In the Commodore 64 version, this was a big tease. In the Amiga version, it's more of a frustration, at least for me. See, the game moves at a real clip... possibly even too much of a clip to play it properly. You'll often find yourself crashing or missing something just because the game was moving too quickly. Either that, or my reflexes are really dulling in my old age.

After playing for over an hour, I came to the conclusion that although this version looks tremendous, I prefer playing the Commodore 64 version. That game is very testing but completely fair. The Amiga version was just that little bit too annoying to keep me at it.

Enduro (Atari VCS/2600)

by PaulEMoz in , , , , ,


God, I loved my Atari. I used to drive my mother mental, playing Circus Atari for ages at a time. The bouncing and bursting noises were enough to make sure she's never liked video games (although my dad got her a DS for Christmas and she can be found playing Brain Training or Puzzler World... truly unbelievable!).

I also new people with an Atari. My cousin owned one, and so did a friend down the street. We used to swap games around... I had Activision's Grand Prix and Plaque Attack, my friend had Phoenix and Chopper Command, my cousin had Super Cobra and, umm, E.T.... but hey, I even enjoyed that back then. And as cartridges were far too expensive for ten-year-olds (at least, until I discovered Silica Shop), swapping was a good way to be sure of playing more games than we otherwise could.

One game I always wanted, but never played (or even saw to buy) was Enduro. From the pictures I'd seen in catalogues, it looked like a revolution in racing games - rather than the overhead view, sideways scrolling Grand Prix, this was viewed from behind, with you driving into the screen. I'd only seen the like in the arcades, with Sega's Turbo, or maybe on the Atari with Night Driver. But whereas Night Driver looked cack, Enduro had colour, it looked vibrant. Shame I never got the chance to play it...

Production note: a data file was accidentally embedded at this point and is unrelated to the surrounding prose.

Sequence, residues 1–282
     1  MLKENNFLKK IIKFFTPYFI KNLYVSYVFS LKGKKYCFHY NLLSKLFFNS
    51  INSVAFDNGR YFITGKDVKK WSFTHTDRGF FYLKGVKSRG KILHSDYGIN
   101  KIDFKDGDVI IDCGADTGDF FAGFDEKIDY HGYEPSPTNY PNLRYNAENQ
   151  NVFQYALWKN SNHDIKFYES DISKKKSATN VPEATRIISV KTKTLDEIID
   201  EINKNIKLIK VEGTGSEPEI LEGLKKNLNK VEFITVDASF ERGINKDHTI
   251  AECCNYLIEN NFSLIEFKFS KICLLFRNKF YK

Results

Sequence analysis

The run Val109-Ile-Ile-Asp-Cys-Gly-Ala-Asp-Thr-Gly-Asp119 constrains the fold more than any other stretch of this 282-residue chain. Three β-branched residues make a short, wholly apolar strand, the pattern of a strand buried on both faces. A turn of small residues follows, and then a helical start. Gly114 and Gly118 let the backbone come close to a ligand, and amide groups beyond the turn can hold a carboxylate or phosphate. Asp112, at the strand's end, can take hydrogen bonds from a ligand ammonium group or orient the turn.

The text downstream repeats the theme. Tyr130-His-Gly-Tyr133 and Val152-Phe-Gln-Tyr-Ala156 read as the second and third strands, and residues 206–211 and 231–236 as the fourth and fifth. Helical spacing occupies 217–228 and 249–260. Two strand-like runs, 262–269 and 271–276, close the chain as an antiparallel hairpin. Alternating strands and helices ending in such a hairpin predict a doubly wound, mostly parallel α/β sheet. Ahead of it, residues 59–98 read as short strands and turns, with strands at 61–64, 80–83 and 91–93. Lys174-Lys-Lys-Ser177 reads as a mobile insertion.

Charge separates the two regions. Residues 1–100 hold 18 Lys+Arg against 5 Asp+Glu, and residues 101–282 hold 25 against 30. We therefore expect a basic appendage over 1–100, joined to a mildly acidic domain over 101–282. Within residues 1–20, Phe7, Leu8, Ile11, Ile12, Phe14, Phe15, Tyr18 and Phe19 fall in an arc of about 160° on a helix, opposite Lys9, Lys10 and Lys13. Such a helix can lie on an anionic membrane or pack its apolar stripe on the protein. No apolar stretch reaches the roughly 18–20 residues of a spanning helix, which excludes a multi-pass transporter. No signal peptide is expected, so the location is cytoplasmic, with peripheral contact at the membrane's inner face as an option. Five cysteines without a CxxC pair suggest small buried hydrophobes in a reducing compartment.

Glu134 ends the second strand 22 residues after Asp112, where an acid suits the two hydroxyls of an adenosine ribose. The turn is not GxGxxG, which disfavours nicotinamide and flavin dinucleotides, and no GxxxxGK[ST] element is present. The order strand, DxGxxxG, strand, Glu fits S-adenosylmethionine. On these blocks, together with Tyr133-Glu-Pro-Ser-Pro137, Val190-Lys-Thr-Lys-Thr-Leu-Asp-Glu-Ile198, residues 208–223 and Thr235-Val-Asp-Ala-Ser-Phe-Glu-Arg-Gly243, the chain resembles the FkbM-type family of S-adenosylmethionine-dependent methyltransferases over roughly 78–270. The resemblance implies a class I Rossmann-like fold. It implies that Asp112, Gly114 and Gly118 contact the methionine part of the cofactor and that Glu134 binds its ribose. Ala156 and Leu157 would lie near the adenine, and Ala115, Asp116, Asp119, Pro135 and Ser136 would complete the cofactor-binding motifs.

Yes, that's colour. It's snow! In this shot, I'm off to stock up on bread and milk.

But now I have played it. And OK, it's the Atari VCS and I shouldn't have my hoped especially high, but I was a bit disappointed with it. It did feel a bit like Turbo, to be fair, which was a bit of a plus. Other than that, though, it lied up to its name, with me just holding down the fire button for as long as possible and dodging "cars" whenever possible. I say "cars"... it feels more like you're racing multi-coloured spiders. A strange effect. Overtaking them is more by luck than skill... it depends where you are on the track at certain points.


Only 8 cars left to pass! Or so I thought...

This is only difficult at times because of the speed at which the game moves. This is another plus, I suppose... the game really does move at quite a lick, which is what you want from a racing game. And it does have a couple of good ideas... sometimes you'll be driving at night, and you can only see the rear lights of the cars in front. Or it might get foggy, at which point not only can you only see the rear lights, but visibility is lessened, which really tests your reflexes.

And that's what Enduro really is... a test of both endurance and reflexes, rather than a racing game. It's hard to say what I would have thought 30 or so years ago, but I suspect I might have been a touch disappointed and lent it out for another go on Chopper Command... I was awesome at that game...